This season you spent most of your time with the Pistons and had a stint with the Pistons’ G League team in Grand Rapids. How has that worked out?
HE: “I played game in the G League this season and I just looked at it as an opportunity to gain minutes to keep me ready. For me, I just wanted to go down there and be aggressive and make the most of it. Here (with the Pistons), there are some nights when I’m in the lineup and some nights I’m not. I just got to stay ready and stay focused. It’s a long season and we’re going to need everyone this season. I just got to be ready when it’s my chance.’’
Has coach Stan Van Gundy talked to you about your role on this team?
HE: “My role is scoring the ball. That’s what I do. I try to do it within the team system, not force anything. I think one thing he (Van Gundy) wants me to do be able to create off the dribble and attack the rack and try to make another play for my teammates. That’s something I can get better at, setting up guys with my drives.’’
You played at Marquette and Van Gundy coached at Wisconsin – two fierce in-state rivals. Do you two have some “friendly’’ conversations about your respective schools?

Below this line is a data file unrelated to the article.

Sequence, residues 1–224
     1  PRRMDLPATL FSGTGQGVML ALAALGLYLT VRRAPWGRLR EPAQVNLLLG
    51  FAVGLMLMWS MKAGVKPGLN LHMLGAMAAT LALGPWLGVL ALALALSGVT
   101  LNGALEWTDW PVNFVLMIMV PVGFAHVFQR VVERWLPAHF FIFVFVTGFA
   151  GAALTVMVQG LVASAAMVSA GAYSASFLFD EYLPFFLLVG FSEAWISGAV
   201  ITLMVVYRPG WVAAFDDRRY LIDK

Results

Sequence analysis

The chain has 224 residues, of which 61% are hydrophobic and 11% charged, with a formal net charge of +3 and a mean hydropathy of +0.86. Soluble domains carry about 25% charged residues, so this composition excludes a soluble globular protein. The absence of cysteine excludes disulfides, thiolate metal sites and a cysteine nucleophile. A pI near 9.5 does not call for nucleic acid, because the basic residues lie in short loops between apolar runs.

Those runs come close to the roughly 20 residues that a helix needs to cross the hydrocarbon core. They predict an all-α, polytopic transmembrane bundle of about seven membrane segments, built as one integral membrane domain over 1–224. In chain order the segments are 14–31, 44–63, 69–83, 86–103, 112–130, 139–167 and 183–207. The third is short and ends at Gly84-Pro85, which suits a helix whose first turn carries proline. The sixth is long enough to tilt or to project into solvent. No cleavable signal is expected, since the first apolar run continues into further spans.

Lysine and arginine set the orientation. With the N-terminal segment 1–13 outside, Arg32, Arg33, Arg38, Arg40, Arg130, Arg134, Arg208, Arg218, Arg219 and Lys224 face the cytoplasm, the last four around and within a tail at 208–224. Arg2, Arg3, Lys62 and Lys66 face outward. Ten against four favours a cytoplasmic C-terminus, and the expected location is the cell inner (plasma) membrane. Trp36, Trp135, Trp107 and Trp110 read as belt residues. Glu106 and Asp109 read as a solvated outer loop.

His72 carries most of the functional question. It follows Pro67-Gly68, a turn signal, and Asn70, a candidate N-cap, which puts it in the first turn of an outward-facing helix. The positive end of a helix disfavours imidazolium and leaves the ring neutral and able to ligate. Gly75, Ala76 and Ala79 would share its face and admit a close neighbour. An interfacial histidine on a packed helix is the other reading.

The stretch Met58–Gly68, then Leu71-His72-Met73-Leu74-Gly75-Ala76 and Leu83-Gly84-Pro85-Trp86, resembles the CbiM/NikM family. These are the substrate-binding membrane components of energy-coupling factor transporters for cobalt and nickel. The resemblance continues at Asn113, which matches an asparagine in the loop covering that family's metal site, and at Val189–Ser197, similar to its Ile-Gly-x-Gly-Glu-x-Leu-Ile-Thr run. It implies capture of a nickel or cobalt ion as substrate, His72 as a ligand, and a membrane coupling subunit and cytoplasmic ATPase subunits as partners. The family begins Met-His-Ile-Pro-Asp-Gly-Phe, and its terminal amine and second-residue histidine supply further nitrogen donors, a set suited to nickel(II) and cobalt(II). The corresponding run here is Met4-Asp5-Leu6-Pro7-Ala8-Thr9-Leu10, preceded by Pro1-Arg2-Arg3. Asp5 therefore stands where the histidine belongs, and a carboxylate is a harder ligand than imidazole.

HE: “Not with coach Stan. But I do like to talk a little bit with Jon Leuer because he’s a Wisconsin guy. He was a Badger.’’
Did you and Jon have any side wagers when Wisconsin plays Marquette?
HE: “We didn’t last year, but I think this year we got to. There’s no way anyone is going to see me in Badger red, but I think we got to figure out some kind of bet like that. But it’s always fun going back and forth with him about Marquette and Wisconsin. And now we have Dwight Buycks, too. So we got two Marquette guys on the roster.’’
Do you set any goals for yourself this season. Are you a goal-oriented person?
HE: “Yeah, I do. I have personal goals.’’
Do you want to share any of them?
HE “Just like getting better every day. Somedays I focus on trying to get stronger. And I do want to get into the rotation. Things like that. I put them (his goals) on paper. I do it from time to time. I could show you a piece of paper of my goals I had when I was a freshman in high school. In high school, my goal was to get to the NBA. So I’ve always had goals my whole career. It helps keep me focused on what I want to be as a person and as a player.’’
The Pistons are off to a terrific start with the second-best record in the Eastern Conference. What’s your take on the team?
HE: “We have been playing really unselfish basketball, so it’s fun because the ball is moving. I think the guys are happy for each other when they have success out there on the court. We’re a team that wants to go to the playoffs and make some noise. But it’s early on in the season and we don’t want to get ahead of ourselves. We have had a great start. We have 10 wins, but 10 wins isn’t going to get you into the playoffs. We got a long way to go. We all know that. But there’s a good vibe around this team. I’m excited where we are heading.’’
It seems life is good for Henry Ellenson.
HE: “It is. I can’t complain.’’
Photo: Detroit Pistons/NBA photos